What’s the right natural gas option for your fleet: Compressed or liquefied?
At this point, it’s pretty well established that long haul, cross-country, over-the-road applications are well suited for LNG. Regional applications seem to be more well suited for CNG.
Those are really only two general themes, however, of any conversion from diesel to natural gas, and — as detailed by CCJ Equipment Editor Jack Roberts in his Natural Gas 101 series — many fleets don’t want to make the wrong choice between LNG and CNG, regarding which one has staying power in the marketplace.
A webinar held this week, however, delved into the subject, too. CCJ sister site Hard Working Trucks’ Editor Jason Cannon has a in-depth write-up on HWT, but some interesting notes from the story include the fact that, even though LNG is better for long-haul, its not as widely available as CNG, therefore requiring fleets to potentially invest gobs of money into building their own stations.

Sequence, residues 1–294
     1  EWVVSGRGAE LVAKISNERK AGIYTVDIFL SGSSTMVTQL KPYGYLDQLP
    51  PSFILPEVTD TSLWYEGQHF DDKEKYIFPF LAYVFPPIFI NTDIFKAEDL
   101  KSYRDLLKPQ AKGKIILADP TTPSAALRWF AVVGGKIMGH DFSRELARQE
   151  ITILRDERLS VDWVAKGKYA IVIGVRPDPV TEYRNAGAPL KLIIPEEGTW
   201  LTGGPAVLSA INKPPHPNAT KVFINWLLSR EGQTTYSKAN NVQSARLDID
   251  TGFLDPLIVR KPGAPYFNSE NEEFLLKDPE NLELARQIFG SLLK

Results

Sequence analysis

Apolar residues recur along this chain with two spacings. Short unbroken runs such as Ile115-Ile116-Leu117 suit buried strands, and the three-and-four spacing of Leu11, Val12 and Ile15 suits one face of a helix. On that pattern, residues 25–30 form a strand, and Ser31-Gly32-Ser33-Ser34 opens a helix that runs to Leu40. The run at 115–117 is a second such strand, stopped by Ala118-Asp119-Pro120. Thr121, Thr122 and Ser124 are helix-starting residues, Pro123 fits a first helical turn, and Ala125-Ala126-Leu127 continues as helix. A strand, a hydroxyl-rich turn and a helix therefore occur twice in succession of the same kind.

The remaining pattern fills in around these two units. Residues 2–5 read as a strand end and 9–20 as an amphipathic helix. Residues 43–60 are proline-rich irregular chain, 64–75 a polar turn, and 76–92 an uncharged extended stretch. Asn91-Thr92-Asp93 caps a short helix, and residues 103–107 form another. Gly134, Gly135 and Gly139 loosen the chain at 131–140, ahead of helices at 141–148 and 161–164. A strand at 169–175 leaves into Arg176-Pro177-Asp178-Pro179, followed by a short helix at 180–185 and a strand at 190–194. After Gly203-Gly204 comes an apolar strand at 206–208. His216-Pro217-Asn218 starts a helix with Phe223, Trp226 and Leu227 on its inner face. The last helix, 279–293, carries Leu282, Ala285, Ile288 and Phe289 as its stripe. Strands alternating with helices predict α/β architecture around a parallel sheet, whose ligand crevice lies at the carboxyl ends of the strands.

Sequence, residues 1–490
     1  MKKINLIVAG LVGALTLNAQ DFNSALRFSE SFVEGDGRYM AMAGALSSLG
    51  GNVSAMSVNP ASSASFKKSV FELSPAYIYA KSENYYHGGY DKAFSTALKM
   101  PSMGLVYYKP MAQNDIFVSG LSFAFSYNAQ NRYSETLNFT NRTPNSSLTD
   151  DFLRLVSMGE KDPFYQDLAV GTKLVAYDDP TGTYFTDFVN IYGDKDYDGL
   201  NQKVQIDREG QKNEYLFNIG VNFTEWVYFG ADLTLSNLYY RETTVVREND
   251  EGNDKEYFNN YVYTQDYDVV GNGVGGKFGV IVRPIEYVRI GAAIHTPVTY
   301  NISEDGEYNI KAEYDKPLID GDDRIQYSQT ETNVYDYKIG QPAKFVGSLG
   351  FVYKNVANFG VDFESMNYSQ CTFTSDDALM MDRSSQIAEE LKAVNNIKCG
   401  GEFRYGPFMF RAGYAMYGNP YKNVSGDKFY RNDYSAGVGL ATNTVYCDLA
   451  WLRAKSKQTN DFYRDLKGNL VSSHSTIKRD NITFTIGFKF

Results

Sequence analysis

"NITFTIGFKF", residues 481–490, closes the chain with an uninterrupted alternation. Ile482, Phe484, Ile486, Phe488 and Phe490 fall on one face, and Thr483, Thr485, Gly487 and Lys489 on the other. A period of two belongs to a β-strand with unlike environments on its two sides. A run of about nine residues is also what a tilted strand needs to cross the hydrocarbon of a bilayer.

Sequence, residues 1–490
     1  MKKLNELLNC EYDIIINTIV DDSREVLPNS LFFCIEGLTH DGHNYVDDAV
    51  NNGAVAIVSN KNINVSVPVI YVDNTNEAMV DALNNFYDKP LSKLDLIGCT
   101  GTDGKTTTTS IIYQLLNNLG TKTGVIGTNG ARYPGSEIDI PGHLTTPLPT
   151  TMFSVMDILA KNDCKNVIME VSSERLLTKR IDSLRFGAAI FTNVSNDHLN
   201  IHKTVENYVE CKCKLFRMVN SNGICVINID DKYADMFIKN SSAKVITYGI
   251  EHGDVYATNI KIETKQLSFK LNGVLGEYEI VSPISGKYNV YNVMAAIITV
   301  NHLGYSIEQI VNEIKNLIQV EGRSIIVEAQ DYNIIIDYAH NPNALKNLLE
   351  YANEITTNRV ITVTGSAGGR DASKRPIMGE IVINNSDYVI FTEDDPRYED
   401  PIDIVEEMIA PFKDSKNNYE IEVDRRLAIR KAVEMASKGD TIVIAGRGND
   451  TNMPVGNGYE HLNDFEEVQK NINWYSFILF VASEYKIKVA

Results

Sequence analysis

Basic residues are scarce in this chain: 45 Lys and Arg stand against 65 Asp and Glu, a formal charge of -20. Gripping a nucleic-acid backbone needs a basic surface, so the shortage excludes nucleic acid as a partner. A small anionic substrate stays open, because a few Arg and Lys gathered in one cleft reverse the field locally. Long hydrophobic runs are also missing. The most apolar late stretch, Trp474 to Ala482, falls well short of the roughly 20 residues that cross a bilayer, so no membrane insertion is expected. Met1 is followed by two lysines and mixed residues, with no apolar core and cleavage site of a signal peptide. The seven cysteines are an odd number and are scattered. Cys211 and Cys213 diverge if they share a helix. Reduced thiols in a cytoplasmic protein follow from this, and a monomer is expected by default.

Moreover, LNG’s high production cost, compared to CNG, has hindered its commercial use, as has its storage needs: Expensive cryogenic tanks.
CNG is also a tad cheaper than LNG when compared to diesel, running about $2.34 per diesel gallon equivalent. LNG costs about $2.45 per diesel gallon equivalent.
The article also says LNG is the better option for trucks that mostly run trips of more than 250 miles or for trucks that operate five to seven days per week. CNG shelf life, however, is better than LNG’s, as the latter builds up pressure in the tanks and pushes fuel out of vents.
Click here to read the whole article on the webinar, which breaks down comparisons and choosing between CNG and LNG.